While Mazda’s SpCCI basic engine design is nearly the same as its gasoline direct fuel-injected cousins, it incorporates some unique technical features that deserve our attention (see Photo 3). According to one major engineering journal, the SpCCI engine has sensors in each cylinder to provide real-time monitoring of cylinder pressures and temperatures. The SpCCI’s “split” direct fuel injection is designed to inject part of the fuel on the intake cycle and the remainder on the compression cycle. The direct fuel injection system is also capable of generating more than 7,000 psi to support compression ignition operating modes. The pistons are shaped to retain a richer air/fuel mixture at the center of the cylinder to promote spark ignition. Last, the engine is equipped with a uniquely engineered Roots-type supercharger that is labelled a “high-response air supply” to maintain cylinder pressures during various operating modes.
The actual operating modes of the SpCCI engine are obviously more complex than I’ve described. But, working with the information available at the time of this writing, I’ll speculate that SpCCI diagnostics will be very much scan-tool based and might very well depend upon the in-cylinder pressure sensors in the future. But, other than verifying sensor circuits with lab scopes and voltmeters, old-school combustion diagnostics won’t apply. On the flip side, the SpCCI engine will no doubt simplify exhaust emissions controls since it produces less nitrogen oxide (NOX) and hydrocarbon (HC). According to one source, carbon dioxide emissions might also be reduced through the use of bio fuels in future SpCCI variants.
As For The Future
Veteran import technicians will no doubt recall Mazda’s venture into the rotary engine market during the 1970s and ‘80s. On a per-cubic inch basis, the rotary or “Wankel” engine out-performed all of the conventional designs of the day. Unfortunately, the large surface area of the rotary’s combustion chamber generated excessive boundary-layer hydrocarbon emissions and allowed a lot of heat energy to be dissipated into the cooling system.
So, during an era of gasoline shortages, rotary engines weren’t quite as fuel- and emissions-efficient as conventional I/C engines and they perished as a result. That said, the Mazda rotary engine still cuts a wide swath among sports car enthusiasts. But, the SpCCI engine holds far more promise, especially as an alternative power source to power grid-dependent electric vehicles. And, due to its basic design parameters, it becomes a nearly perfect engine for hybrid vehicle applications. Just my opinions, and for what they’re worth.
Learning the New Technology: It’s Not About Wooden Desks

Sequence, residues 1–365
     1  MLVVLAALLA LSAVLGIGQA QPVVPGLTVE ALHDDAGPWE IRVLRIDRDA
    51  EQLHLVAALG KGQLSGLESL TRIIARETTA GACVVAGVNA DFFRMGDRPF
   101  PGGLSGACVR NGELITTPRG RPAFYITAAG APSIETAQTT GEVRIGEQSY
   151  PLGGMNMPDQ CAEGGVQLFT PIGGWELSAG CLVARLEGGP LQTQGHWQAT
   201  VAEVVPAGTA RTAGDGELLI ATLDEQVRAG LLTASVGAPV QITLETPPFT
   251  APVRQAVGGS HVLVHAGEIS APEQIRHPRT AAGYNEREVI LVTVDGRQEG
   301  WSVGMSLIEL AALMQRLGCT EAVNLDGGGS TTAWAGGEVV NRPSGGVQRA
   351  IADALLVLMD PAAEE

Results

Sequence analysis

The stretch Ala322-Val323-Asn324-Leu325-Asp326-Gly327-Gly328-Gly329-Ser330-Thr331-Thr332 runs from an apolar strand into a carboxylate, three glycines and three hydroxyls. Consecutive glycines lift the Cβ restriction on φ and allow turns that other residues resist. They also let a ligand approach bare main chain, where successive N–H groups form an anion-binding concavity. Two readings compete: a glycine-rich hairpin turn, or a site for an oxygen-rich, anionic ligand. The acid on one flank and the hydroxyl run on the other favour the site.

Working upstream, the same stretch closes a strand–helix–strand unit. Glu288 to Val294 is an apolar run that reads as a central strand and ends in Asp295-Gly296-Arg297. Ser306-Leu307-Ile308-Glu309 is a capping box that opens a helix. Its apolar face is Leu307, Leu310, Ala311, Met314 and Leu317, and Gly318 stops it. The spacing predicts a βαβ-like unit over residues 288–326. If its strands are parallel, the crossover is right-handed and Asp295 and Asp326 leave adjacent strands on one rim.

I spent my summer helping with a bond issue for new middle and high school buildings. After one public meeting, our architectural consultant and I discussed the concept of “open-space” learning using portable tables and chairs contained inside portable walls. Then, our conversation turned to teaching applied Science, Technology, Engineering and Mathematics (STEM) in open-space classrooms.
It suddenly dawned on me why open-space classrooms are far more adaptable to teaching STEM-based curriculum than our old closed-space classrooms filled with rows of wooden desks. Closed-space classrooms impose limitations on how kids learn, whereas open-space classrooms don’t.
While STEM curriculum isn’t a new educational concept, it’s by far the best way to prepare our younger generation to learn new technology like Mazda’s SpCCI engine. STEM-based robotics labs, for example, not only teach kids how to build machines that process information and do work, they also teach project planning, critical thinking and hands-on skills.
Mazda’s forward-looking SpCCI engine certainly isn’t wooden-desk technology, which is why we need to become more STEM-conscious in how we educate our current technicians. We also need to become more STEM-conscious because we can no longer consider teaching applied academics and logical and critical thinking skills as an optional exercise in vocational or Career Technical Education (CTE).
Whereas rows of wooden desks preserve the status quo, STEM-based education challenges the status quo by breaking academic and vocational stereotypes. While that bold step into the future might intimidate some, our greater fear should be that, without teaching our younger generation how modern technology works, we’ll find ourselves forever trapped in a world of diminishing returns. Clinging to obsolete educational models is a futile exercise in times of radical change. As time and technology move forward, so should we.